The epithet “Cold War,” as applied to nuclear strategy, is almost never meant kindly. No part of the intellectual inheritance from the Cold War is more frequently maligned than the concept of strategic stability.
Senator Marco Rubio’s opposition to Rose Gottemoeller’s nomination represents a departure from a time when nuclear matters were treated as critical enough to warrant serious bipartisan public debate.
President Barack Obama should articulate a narrowed framework for the legitimate use of nuclear weapons that the United States believes would be defensible for others to follow as long as nuclear weapons remain.
Reducing nuclear risks was a signature issue in President Obama’s first term. However, following a series of successes in 2010, progress has stalled.
As U.S. and Russian arsenals are built down, consideration must be given to multilateral nuclear restraint.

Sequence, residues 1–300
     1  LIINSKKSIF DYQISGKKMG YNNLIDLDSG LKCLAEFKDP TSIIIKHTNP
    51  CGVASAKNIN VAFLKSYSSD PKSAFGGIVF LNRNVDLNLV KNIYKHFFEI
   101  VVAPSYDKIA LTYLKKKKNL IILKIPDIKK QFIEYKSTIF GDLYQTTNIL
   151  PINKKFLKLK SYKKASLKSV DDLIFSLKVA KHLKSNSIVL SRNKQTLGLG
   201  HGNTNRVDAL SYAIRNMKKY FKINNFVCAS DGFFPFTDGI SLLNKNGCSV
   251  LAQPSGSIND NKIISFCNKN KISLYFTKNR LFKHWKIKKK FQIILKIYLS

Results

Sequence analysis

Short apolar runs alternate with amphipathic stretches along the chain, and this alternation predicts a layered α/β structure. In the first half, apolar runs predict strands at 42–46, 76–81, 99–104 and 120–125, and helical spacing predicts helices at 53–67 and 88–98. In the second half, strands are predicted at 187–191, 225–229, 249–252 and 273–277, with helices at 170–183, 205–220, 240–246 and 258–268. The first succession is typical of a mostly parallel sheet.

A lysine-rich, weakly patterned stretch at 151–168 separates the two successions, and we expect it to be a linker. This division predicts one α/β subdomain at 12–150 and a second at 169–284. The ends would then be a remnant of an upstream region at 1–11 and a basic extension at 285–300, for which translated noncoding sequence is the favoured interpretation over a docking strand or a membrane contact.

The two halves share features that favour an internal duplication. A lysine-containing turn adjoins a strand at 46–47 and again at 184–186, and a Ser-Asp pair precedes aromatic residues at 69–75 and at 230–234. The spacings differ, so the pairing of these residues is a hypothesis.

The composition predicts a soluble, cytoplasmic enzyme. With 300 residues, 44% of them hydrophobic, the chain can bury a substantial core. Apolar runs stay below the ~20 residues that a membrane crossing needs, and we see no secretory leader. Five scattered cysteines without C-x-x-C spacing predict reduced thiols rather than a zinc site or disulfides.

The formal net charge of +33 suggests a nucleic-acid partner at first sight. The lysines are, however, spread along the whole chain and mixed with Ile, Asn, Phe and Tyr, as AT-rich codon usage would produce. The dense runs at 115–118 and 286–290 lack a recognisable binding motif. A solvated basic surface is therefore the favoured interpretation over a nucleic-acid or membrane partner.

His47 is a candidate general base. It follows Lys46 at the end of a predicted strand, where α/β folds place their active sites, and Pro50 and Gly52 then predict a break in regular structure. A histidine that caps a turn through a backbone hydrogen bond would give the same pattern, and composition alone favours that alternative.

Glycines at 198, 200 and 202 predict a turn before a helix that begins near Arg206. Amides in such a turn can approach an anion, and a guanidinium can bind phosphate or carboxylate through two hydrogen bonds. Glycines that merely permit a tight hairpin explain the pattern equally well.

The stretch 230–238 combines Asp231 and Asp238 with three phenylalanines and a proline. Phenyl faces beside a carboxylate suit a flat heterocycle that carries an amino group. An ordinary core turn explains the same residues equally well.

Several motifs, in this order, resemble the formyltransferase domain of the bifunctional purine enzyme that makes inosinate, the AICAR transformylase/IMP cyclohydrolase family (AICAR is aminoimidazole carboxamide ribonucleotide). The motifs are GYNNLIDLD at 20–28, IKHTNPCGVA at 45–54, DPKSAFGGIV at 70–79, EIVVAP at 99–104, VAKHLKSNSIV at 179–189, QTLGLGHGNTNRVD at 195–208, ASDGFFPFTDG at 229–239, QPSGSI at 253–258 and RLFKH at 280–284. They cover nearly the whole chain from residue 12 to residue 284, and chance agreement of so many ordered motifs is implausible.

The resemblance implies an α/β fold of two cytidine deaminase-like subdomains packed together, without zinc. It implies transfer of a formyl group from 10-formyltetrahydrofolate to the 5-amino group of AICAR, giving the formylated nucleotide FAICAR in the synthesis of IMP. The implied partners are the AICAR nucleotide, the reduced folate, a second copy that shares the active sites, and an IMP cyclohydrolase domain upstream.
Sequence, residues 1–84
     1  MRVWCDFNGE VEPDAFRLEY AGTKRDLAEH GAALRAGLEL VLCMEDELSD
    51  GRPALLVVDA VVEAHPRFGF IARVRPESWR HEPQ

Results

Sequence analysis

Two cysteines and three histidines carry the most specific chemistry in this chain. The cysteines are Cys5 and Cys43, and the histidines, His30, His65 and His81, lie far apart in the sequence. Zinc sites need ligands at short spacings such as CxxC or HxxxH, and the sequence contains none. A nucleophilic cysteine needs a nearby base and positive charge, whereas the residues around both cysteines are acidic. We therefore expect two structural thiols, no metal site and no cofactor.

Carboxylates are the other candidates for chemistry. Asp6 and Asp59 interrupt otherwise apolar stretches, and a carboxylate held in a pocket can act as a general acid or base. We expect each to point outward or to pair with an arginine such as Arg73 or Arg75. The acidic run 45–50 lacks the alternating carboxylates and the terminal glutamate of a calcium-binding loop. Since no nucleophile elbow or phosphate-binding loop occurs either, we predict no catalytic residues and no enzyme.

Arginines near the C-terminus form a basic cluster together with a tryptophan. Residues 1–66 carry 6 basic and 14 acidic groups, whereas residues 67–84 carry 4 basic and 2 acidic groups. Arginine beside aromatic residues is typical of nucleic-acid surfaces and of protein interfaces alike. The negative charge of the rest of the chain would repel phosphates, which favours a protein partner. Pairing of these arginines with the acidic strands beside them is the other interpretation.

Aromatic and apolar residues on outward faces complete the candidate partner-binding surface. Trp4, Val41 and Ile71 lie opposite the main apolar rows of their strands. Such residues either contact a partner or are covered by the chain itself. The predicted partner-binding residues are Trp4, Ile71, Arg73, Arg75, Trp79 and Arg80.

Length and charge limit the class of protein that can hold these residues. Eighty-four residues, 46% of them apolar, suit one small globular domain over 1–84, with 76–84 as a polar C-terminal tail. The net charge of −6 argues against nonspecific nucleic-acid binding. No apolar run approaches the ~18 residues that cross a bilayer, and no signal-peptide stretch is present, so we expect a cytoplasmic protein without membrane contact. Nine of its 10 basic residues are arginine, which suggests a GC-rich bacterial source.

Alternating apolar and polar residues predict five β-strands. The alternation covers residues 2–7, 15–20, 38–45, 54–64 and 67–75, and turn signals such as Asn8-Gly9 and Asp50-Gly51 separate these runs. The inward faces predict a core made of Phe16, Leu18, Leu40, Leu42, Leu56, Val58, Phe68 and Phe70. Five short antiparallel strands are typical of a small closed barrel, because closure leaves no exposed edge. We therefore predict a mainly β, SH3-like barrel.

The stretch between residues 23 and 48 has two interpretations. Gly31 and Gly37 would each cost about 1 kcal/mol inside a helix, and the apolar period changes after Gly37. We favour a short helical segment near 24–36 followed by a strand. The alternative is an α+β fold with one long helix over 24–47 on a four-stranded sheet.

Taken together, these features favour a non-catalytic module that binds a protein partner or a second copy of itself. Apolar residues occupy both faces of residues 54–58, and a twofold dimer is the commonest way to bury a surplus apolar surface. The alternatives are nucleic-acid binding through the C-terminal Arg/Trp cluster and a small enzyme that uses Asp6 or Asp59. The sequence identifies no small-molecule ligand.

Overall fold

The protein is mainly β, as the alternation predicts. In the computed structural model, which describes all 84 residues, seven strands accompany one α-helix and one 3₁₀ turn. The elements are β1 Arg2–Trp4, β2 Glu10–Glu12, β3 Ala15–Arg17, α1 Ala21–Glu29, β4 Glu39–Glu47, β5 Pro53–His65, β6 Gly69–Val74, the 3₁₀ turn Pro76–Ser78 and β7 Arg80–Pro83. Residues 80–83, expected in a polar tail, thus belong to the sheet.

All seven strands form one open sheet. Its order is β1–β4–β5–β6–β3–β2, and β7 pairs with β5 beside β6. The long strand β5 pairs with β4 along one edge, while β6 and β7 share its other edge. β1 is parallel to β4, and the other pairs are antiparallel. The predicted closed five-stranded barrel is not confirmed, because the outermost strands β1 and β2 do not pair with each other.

The United States and Russia have reached an arms control impasse, and no new agreement is on the horizon. Concrete confidence-building measures could help build trust.
In contemporary discussions about nuclear disarmament, few pause to ask why–and indeed whether–transparency is desirable.
At its Chicago summit, NATO reaffirmed its commitment to its European-based arsenal of tactical nuclear weapons.
The future of U.S. nuclear weapons is being hotly contested in Congressional debates over the budget. The result is serious uncertainty in defense planning, and that comes with a cost.
Skeptics and supporters alike tend to ignore the practical realities of deep nuclear reductions. Nuclear-armed states will only agree to deep reductions if several demanding conditions are met.